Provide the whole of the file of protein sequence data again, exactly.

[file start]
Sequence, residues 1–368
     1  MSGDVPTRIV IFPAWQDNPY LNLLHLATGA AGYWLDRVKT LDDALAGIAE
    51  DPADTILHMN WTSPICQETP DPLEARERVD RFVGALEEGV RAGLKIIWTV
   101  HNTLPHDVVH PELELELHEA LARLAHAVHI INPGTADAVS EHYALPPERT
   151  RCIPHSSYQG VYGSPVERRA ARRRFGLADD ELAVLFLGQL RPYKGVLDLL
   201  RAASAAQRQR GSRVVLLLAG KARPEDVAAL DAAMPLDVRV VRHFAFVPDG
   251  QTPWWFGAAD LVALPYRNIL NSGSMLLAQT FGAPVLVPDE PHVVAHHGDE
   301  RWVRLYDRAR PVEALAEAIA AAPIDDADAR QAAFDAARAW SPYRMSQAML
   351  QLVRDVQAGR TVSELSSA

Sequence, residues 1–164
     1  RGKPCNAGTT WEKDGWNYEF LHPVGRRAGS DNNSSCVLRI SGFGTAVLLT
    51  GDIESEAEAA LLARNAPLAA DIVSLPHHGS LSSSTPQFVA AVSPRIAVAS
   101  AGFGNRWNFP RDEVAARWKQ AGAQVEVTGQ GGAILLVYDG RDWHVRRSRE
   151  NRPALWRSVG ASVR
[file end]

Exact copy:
Sequence, residues 1–368
     1  MSGDVPTRIV IFPAWQDNPY LNLLHLATGA AGYWLDRVKT LDDALAGIAE
    51  DPADTILHMN WTSPICQETP DPLEARERVD RFVGALEEGV RAGLKIIWTV
   101  HNTLPHDVVH PELELELHEA LARLAHAVHI INPGTADAVS EHYALPPERT
   151  RCIPHSSYQG VYGSPVERRA ARRRFGLADD ELAVLFLGQL RPYKGVLDLL
   201  RAASAAQRQR GSRVVLLLAG KARPEDVAAL DAAMPLDVRV VRHFAFVPDG
   251  QTPWWFGAAD LVALPYRNIL NSGSMLLAQT FGAPVLVPDE PHVVAHHGDE
   301  RWVRLYDRAR PVEALAEAIA AAPIDDADAR QAAFDAARAW SPYRMSQAML
   351  QLVRDVQAGR TVSELSSA

Sequence, residues 1–164
     1  RGKPCNAGTT WEKDGWNYEF LHPVGRRAGS DNNSSCVLRI SGFGTAVLLT
    51  GDIESEAEAA LLARNAPLAA DIVSLPHHGS LSSSTPQFVA AVSPRIAVAS
   101  AGFGNRWNFP RDEVAARWKQ AGAQVEVTGQ GGAILLVYDG RDWHVRRSRE
   151  NRPALWRSVG ASVR